Print this page

Blog

Sep 16, 2013

Look to nature to facilitate healing on many levels!


My name is Kat and I have been a licensed massage therapist since 2005. More recently, I have extended my studies into herbal medicine in a university setting, receiving a degree in herbal science. I’ve always preferred using natural products when giving massages because it is another way of connecting with nature.

It is important to connect with nature to facilitate healing, as we are all natural beings.

Category: General
Posted by: harmony

It’s so easy to get wrapped up in life’s complications or the stressful demands of modern culture. Massage is a great way to unwind, take time for yourself, and tune into your body’s needs. Massage tells us so much about ourselves. Your muscular system reflects the physical and emotional health of your entire life. The touch of a professional massage therapist can bring your attention to imbalances created in your body. The simple, comforting techniques of a professional massage therapist can help bring about normal muscular function.

Your muscular system reflects the physical and emotional health of your entire life. The touch of a professional massage therapist can bring your attention to imbalances created in your body. The simple, comforting techniques of a professional massage therapist can help bring about normal muscular function.

As an herbalist I have a kit of essential oils and herb-infused oils, which I can customize for a client’s needs. The person receiving massage may request specific botanical topical preparations, or I may choose the best herb or blend from my knowledge. There are wonderful plants that are used topically such as Mentha piperita (Peppermint) an antispasmodic and Capsicum annum (Cayenne) an analgesic.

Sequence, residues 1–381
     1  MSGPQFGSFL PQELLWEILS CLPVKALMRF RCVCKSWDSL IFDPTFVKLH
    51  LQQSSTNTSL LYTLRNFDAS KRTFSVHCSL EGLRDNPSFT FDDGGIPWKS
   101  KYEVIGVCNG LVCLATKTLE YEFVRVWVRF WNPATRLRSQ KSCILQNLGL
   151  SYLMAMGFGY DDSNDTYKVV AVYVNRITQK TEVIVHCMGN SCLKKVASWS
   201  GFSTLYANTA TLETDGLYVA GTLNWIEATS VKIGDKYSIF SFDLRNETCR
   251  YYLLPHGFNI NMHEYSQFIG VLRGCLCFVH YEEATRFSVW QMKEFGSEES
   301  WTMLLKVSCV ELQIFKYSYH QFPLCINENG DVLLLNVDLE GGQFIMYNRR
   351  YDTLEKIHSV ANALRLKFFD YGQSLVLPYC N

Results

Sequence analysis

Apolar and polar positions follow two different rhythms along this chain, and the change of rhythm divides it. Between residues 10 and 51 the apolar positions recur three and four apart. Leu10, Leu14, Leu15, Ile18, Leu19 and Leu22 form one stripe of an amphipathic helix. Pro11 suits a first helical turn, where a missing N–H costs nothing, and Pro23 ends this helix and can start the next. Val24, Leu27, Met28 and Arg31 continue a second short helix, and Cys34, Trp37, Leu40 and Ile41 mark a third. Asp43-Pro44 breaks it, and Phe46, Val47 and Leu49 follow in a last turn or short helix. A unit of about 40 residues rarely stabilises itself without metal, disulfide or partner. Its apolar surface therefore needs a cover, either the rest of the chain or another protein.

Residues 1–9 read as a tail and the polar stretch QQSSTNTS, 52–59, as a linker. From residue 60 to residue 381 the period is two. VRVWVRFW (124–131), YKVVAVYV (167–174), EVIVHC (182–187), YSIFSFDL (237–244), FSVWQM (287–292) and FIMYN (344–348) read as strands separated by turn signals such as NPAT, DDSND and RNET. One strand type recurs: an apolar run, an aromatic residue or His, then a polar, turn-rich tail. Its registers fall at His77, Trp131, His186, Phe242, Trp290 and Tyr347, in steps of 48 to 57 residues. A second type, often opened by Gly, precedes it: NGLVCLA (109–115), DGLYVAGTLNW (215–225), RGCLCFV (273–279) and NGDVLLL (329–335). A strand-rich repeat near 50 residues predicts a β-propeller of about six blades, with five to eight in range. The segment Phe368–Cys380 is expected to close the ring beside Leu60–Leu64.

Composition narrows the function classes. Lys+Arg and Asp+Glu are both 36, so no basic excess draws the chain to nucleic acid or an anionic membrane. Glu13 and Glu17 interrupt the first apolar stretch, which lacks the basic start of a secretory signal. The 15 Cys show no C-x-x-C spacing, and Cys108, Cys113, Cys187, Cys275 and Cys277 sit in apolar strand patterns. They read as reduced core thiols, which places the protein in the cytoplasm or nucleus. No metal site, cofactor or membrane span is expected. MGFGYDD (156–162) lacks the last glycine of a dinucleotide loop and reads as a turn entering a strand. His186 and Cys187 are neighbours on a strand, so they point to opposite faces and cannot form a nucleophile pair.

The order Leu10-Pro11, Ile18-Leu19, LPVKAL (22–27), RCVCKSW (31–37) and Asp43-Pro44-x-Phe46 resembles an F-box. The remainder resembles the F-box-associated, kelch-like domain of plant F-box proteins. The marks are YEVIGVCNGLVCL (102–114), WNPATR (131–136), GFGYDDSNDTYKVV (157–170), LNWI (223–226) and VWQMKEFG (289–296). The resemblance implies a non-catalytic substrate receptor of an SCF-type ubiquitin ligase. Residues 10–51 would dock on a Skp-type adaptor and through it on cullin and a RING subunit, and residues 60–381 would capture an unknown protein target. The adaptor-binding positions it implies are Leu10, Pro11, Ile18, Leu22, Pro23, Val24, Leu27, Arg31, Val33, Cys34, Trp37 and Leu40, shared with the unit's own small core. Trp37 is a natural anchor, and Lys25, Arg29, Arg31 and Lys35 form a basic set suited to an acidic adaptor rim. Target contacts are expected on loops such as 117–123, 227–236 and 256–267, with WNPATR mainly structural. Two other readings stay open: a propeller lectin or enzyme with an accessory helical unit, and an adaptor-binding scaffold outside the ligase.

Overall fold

When receiving a massage I consciously follow the therapist’s muscular exploration, and as a result have discovered areas of tension that I didn’t even realize existed. Communicating with the therapist has helped me focus on and deal with areas of high tension. Massage therapy can help reveal and relax sources of pain that we become accustomed to and hide with coping mechanisms. I have experienced relief from pain through the massage of a seemingly unrelated area.

Trigger points are regions of the musculature that can get bound up, collect waste and toxins, dehydrate, and negatively affect surrounding tissues. Picture this: a bed made so perfectly that you could bounce a coin off of it (this is symbolic of an average balanced muscular system in a human being.) Now, grab any corner of the bed sheet in a twisting manner (a trigger point) -- the effect of this manipulation would be seen as the displacement of the entire original placement of the bed sheet (physical distortion and potentially referral pain.) Referral pain can occur when muscle fibers bind up due to repetitive movements -- that we may or may not be aware of -- or to unequal physical growth, or injurIes. Like the effect of someone grabbing and twisting one corner of a bed sheet, we are affected by twisted muscle fibers. This is not efficient and we must release this tension in order to truly be relaxed and at ease. We also need to increase awareness of what postures we hold, what emotions distort our posture, and what sneaky postural distortions we have grown comfortable in.

Herbal preparations can be a partner in the healing process. Whether through their healing qualities or simply the pleasure of a comforting fragrance, herb-infused oils and lotions can increase the benefits of a good therapeutic massage. Internally, herbal infusions such as Mellissa officinalis (Lemon balm), Lavandula officinalis (Lavender), Passiflora incarnata (Passion flower) and Matricaria recutitia (Chamomile), can help calm the spirit, rehydrate the body, and flush out the impurities built up in the musculature.

Massage therapy and herbal science - naturally good for us, inside and out.

Previous page: Medical Massage
Next page: Articles